Principal Investigator: Heather Joseph, DO
Funding Source: The National Institute of Mental Health
The Newborn Pittsburgh ADHD Risk in Infancy Study (NewPARIS) will examine attention in neonates, infants, and toddlers who do and do not have a parent with ADHD. This information will help us understand if babies born to parents with ADHD have differences in attention compared to babies of parents without ADHD. Outcomes from this study could provide information regarding the ability to detect risk for inattention in the first year of life. This is a critical first step towards the ultimate goal of early identification and intervention for children at risk for ADHD.
For more information about the NewPARIS study, please fill out the contact form below, call or text 412-420-8309, or send an email to PARISstudy@upmc.edu.
Frequently Asked Questions
What will I be asked to do for the study?
There will be three study visits totaling approximately 6-8 hours, plus one follow-up questionnaire. The first visit will take place at our offices in Oakland; the second and third visits will take place in your home; the follow-up questionnaire will be completed online. During the study visits, you and your child will complete attention tasks, you will complete online surveys, and you and your child will be videotaped while you play together. Developmental specialists will also assess your child’s developing cognitive and motor abilities.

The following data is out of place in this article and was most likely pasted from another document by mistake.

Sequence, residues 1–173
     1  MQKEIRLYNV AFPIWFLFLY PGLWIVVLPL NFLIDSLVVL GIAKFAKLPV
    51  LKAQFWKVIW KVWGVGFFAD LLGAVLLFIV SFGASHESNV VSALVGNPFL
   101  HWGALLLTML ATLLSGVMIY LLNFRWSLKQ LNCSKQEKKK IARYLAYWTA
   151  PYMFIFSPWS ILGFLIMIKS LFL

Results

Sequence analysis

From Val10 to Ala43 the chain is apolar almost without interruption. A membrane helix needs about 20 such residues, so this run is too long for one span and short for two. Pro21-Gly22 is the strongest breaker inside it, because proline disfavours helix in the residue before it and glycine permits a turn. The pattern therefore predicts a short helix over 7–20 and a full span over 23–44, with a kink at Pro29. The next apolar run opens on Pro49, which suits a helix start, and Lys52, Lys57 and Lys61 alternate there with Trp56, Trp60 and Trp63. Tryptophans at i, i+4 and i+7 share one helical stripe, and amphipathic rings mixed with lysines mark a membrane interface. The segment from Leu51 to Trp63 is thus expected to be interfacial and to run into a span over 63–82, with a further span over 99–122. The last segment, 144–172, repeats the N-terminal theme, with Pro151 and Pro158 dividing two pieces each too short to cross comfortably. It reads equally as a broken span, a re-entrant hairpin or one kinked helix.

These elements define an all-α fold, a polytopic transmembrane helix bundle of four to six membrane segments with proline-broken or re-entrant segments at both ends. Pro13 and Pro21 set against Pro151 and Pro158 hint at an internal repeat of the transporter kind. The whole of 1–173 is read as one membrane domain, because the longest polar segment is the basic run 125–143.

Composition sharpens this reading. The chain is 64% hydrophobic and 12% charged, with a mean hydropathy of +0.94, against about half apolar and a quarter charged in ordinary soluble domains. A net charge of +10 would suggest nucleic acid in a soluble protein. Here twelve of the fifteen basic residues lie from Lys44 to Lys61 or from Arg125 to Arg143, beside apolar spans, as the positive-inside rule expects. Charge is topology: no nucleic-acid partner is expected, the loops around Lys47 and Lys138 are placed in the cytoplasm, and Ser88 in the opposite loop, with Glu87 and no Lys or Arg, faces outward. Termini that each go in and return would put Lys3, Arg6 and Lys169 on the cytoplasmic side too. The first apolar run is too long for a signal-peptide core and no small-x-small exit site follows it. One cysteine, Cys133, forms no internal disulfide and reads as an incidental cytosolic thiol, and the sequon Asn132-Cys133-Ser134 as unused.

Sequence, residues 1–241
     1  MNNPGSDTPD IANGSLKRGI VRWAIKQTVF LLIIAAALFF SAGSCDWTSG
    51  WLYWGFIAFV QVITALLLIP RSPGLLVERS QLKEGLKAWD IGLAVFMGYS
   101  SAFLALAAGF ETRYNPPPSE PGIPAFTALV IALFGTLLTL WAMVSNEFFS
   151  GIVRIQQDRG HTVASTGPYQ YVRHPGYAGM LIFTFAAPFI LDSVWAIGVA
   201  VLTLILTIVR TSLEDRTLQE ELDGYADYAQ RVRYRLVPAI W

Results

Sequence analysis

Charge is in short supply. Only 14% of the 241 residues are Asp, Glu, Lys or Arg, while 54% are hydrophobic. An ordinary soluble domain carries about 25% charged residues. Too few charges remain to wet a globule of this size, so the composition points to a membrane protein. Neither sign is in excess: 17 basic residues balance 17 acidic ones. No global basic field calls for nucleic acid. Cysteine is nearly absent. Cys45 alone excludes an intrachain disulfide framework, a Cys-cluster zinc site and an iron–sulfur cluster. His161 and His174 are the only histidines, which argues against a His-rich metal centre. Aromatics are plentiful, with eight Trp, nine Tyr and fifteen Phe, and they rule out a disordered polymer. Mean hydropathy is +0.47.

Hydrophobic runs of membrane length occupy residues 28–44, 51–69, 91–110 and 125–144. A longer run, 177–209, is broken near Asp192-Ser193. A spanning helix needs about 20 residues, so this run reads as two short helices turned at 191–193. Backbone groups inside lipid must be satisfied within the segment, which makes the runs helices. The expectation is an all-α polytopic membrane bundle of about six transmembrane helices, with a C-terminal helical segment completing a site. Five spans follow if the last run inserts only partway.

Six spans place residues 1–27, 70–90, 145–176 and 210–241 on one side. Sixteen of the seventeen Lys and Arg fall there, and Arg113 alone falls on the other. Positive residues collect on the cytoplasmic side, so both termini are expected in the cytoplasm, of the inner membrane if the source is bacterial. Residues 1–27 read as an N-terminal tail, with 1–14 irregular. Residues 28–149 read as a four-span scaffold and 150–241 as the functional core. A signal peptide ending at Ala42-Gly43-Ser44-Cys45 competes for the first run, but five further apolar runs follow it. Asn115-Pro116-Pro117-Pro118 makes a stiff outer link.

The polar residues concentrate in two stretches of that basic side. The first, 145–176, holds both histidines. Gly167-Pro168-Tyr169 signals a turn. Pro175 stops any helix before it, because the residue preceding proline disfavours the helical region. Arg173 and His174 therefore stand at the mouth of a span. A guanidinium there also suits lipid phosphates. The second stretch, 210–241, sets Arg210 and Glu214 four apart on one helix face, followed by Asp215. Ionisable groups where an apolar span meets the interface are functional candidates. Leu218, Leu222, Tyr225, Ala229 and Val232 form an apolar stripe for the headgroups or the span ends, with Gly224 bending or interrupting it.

Is there a cost to participate?
There is no cost to participate. Families who are eligible will be compensated up to $325 for study participation.
Who may participate?
We are enrolling families who are currently expecting a biological child. Half of our families will have a parent with ADHD or trouble with attention, and half of our families will not.
Attention-deficit/hyperactivity disorder (ADHD) is a common mental disorder that affects many children and adults. Symptoms of ADHD include inattention (trouble focusing), hyperactivity (excess movement or restlessness) and impulsivity (hasty actions that occur in the moment without thinking). For more information about and resources for ADHD, visit our website resources page.